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THE EUSTACHIAN TUBE                              311

of a grommet in the drumhead will give some symptomatic relief. Insuffla-
tion of an irritant powder, consisting of four parts of boric acid and one
part of salicylic acid, into the Eustachian tube was formerly recommended
as a means of obtaining temporary relief.


The use of bougies for dilatation of the Eustachian tube accounted on some
occasions for a foreign body consisting of a part of the bougie which had
accidentally broken off and become lodged in the cartilaginous part of the
tube. Small foreign bodies perforating the tympanic membrane may pass
into the Eustachian tube and become lodged in the bony portion or at
the isthmus. Foreign bodies should be removed from the tube as soon as
possible. A surgical approach by a combined postauricular and transmeatal
route to the bony Eustachian tube has been described.


Otitic barotrauma is related to the condition and patency of the Eustachian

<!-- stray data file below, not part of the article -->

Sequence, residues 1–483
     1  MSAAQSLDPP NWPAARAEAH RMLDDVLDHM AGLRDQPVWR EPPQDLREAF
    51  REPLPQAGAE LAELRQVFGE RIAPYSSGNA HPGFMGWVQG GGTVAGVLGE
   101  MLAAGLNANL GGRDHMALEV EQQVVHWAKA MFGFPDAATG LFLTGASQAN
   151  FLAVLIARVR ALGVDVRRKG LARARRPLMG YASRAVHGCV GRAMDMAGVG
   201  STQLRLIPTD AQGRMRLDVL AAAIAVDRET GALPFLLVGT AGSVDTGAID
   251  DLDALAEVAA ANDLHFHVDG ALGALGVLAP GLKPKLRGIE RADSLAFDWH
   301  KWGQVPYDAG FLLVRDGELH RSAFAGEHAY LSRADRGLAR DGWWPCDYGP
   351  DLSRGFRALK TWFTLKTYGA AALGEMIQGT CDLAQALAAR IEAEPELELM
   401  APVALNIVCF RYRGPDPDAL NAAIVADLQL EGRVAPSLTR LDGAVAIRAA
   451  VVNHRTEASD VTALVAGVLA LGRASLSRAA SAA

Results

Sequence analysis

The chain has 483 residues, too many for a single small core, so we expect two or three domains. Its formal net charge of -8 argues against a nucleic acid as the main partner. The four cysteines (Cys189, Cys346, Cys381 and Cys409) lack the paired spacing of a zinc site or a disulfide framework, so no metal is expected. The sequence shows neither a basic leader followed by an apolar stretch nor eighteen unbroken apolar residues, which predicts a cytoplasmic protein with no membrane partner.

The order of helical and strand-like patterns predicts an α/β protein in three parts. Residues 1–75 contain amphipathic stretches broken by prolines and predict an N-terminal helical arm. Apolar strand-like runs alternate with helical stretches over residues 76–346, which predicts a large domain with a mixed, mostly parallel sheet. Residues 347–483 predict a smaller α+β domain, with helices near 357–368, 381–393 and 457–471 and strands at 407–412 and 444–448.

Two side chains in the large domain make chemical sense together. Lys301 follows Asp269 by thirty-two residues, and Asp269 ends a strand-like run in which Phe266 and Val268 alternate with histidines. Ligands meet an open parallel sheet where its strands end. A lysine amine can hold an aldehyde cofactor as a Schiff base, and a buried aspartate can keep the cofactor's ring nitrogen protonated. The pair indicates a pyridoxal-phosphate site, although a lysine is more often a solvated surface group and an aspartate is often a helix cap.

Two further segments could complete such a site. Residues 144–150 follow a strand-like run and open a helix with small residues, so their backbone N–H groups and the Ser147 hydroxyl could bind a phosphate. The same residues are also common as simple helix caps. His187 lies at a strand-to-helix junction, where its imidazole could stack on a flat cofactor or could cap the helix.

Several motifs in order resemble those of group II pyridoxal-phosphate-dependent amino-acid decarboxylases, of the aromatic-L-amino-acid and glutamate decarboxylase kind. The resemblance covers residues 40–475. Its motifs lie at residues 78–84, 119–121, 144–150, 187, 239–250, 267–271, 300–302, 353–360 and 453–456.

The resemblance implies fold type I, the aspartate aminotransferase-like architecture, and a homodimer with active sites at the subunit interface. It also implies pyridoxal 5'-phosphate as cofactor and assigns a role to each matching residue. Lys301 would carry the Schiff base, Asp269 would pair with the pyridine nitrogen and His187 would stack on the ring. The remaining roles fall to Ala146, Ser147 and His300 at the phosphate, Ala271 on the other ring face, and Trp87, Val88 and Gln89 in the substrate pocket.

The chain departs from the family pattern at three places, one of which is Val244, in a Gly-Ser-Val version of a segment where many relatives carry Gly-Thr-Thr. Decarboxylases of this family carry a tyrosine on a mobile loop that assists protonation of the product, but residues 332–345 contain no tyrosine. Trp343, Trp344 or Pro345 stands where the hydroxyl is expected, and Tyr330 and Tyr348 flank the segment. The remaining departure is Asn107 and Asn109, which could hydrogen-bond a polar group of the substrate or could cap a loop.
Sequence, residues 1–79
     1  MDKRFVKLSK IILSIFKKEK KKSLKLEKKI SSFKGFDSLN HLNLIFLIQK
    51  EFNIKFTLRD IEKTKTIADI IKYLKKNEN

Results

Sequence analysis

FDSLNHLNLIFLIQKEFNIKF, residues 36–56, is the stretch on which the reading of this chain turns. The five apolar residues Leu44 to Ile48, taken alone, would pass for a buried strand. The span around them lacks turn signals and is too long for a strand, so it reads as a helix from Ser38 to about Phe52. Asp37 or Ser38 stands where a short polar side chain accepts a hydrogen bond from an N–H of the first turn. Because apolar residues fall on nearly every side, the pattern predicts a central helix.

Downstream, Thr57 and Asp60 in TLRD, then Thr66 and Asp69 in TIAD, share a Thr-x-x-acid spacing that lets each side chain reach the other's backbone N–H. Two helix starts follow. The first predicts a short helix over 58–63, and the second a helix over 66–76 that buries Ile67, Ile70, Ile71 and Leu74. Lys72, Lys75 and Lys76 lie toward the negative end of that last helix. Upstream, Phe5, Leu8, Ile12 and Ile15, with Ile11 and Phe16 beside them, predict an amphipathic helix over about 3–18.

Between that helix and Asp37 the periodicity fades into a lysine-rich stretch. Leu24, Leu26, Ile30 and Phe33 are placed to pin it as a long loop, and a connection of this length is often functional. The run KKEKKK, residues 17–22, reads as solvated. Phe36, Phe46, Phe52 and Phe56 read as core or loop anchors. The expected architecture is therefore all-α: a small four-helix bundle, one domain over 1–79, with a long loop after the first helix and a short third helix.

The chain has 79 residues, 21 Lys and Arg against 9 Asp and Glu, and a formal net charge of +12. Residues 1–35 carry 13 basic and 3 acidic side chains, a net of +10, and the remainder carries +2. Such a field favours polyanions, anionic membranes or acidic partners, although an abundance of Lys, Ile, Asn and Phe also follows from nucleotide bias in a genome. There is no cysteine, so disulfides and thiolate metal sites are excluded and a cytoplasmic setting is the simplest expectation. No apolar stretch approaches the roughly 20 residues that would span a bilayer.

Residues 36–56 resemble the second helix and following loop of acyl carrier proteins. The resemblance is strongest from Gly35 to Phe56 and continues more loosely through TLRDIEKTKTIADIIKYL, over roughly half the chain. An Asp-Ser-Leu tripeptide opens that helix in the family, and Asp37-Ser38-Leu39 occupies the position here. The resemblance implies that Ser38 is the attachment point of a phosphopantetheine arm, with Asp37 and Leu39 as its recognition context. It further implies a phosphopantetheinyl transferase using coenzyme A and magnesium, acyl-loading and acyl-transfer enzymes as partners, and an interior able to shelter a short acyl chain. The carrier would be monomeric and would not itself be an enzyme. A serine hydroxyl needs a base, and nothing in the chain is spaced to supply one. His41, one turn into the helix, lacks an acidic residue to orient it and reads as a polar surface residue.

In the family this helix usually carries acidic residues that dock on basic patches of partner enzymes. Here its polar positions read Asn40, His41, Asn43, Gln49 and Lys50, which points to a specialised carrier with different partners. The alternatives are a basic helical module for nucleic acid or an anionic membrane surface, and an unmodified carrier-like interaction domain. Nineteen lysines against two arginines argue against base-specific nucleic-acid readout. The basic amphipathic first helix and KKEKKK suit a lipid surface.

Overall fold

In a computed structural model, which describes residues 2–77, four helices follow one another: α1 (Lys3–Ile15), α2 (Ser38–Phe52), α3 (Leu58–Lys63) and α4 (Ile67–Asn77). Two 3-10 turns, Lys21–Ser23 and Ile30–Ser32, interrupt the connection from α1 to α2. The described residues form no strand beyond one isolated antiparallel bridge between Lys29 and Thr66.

tube in its function of ventilating the middle ear so that atmospheric pressure
pertains on both sides of the drumhead. Barotrauma follows rapid descent
in an aeroplane or, in high-speed aircraft, a very fast ascent. It may occur
in the presence of tubal dysfunction involving its patency and preventing
adequate ventilation of the middle ear in a situation which often arises
suddenly. Swallowing and yawning cause contraction of the tensor and
levator palati muscles which open the Eustachian tube thus allowing equal-
ization of pressure in the middle ear. Chewing of sweets or gum may there-
fore be advised as a preventive measure during descent. For those who have
previously suffered from the condition a decongestant nasal spray or a
benzedrine inhaler is a useful prophylactic measure. The symptoms of baro-
trauma vary from slight discomfort and feeling of fullness in the ear to
acute pain with effusion and deafness. Deafness and tinnitus may persist
after landing and inspection of the drumhead may show gross retraction
and congestion. Equalization of pressure is necessary at the earliest moment.
During descent the intermittent performance of Valsalva's manoeuvre may
be useful and later catheterization and inflation are often necessary. Many
cases settle spontaneously or with the help of conservative measures but
in a few cases myringotomy and aspiration of the effusion are necessary.
In the presence of an acute upper respiratory infection the risk of a suppura-
tive otitis media is increased and a prophylactic course of an antibiotic such
as penicillin is justifiable. In the majority of patients return of normal func-
tion may be expected.